The last week has seen the meteoric rise and fall of Flappy Bird. I first heard of Flappy Bird on a Tuesday, and by Thursday the creator of the game announced that he was removing it from circulation. As far as simple and addicting flash games go, no game has ever inspired such joy and such rage as Flappy Bird. But how can one explain the tragic trajectory of Flappy Bird’s success and, ultimately, failure? What does our love and our hatred of Flappy Bird say about the human condition? What are the implications of Flappy Bird on reality itself? Brace yourselves, dear readers, as we embark on an exploration into the deep depths of this cruel and short-lived game.
The player avatar and titular character of Flappy Bird, is, of course, the bird. However, this pixelated avian calls into question the very concept of “bird”. Indeed, the “bird” of Flappy Bird appears less like a bird, and more like a beach ball with fish lips. Moreover, this creature has no seeming birdlike traits or motivations. According to Michel Foucault, our system of language creates almost arbitrary categories, overemphasizing the similarities between objects and ignoring the differences. By presenting such a tenuous “bird”, is Flappy Bird urging us to abandon our current system of animal classification? Would the “bird” of Flappy Bird be better classified as a different organism? Should we classify organisms at all?
Moreover, Flappy Bird questions our concept of “the pipe”, through the endless stream of Mario-esque pipes that scroll onto the screen from the right. Unlike the universe of Mario, in which pipes have some meaning, due to Mario’s occupation as a plumber, the pipes of Flappy Bird are out of place and even bizarre. How did these pipes come to be hanging from the sky? Why do they enter ceaselessly onto the screen? Is there a purpose or a deeper meaning to the pipes? Through the use of Mario pipes, not only the character of Flappy Bird, but the setting is deconstructed and dismantled.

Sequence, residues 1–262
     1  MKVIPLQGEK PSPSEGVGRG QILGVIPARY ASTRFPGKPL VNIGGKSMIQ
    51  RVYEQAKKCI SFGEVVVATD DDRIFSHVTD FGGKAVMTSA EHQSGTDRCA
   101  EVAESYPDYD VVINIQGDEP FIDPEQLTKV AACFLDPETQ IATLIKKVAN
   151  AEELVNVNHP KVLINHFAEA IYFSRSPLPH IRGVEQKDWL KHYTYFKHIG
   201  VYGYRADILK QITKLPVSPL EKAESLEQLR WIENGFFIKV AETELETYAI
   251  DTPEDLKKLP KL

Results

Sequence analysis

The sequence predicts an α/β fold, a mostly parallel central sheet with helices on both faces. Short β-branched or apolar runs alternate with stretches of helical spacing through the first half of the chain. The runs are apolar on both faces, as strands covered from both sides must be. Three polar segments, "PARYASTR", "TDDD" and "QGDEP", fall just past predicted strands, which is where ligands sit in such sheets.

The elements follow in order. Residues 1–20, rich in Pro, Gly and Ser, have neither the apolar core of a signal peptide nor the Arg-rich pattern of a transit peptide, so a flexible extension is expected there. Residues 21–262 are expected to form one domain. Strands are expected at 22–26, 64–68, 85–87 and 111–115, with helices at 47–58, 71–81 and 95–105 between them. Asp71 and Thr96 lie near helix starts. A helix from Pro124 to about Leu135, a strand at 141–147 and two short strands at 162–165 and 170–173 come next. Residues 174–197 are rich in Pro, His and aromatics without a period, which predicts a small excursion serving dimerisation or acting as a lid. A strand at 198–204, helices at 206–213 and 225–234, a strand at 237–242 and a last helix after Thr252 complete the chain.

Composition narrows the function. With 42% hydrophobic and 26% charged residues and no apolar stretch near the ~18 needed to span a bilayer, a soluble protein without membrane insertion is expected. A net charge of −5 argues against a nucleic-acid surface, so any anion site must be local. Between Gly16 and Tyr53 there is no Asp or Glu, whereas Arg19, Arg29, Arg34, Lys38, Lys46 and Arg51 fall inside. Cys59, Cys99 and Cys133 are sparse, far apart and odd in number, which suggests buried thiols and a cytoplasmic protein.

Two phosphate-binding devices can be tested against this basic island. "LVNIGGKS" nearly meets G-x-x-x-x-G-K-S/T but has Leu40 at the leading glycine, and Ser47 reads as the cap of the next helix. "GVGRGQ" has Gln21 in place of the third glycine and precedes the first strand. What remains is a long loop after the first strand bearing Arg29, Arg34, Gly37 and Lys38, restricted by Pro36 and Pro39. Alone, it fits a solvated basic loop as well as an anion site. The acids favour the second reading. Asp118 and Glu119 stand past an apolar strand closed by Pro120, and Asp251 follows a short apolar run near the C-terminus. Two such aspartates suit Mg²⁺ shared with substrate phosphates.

Indeed, Flappy Bird seems to call into question the idea of “the game” itself. There is no progression in Flappy Bird. There is no winning, only losing. There is no success, only failure. One could argue that Flappy Bird is not truly a game, but an endless exercise in futility. In this way, Flappy Bird mimics the cruelty of life. In the world of Flappy Bird, as in the world of the human, there is no “winning”, only an endless series of obstacles that will one day cause failure. It is almost comforting to know that Flappy Bird contains nothing unexpected. The first pipe is the same as the last pipe. Is Flappy Bird the only predictable thing in this cruel and inconstant world?
Of course, the questions incited by Flappy Bird may never be answered, as the creator of the much-hated game has chosen to remove the game from the market. This action has created the same kind of confusion that was incited by the game itself. Can the creator of Flappy Bird really control its use? Or does Flappy Bird belong to its users, not its creator? If Roland Barthes’s belief that the birth of the reader occurs only at the death of the author is true, does the creator of Flappy Bird need to relinquish his control over his game to facilitate the birth of the player?
A nuanced reading of Flappy Bird leaves more questions unanswered than it solves. However, our exploration into the world of Flappy Bird has revealed not only a simple flash game, but a complex commentary on the entire gaming industry, our taxonomy of species, and life itself. Despite the death of Flappy Bird at the hands of its own creators, Flappy Bird lives on in the hearts, and cell phones, of its players. I, for one, will continue playing Flappy Bird, in the hopes that one day I may beat my record of nine points. Flap on, my friends, flap on.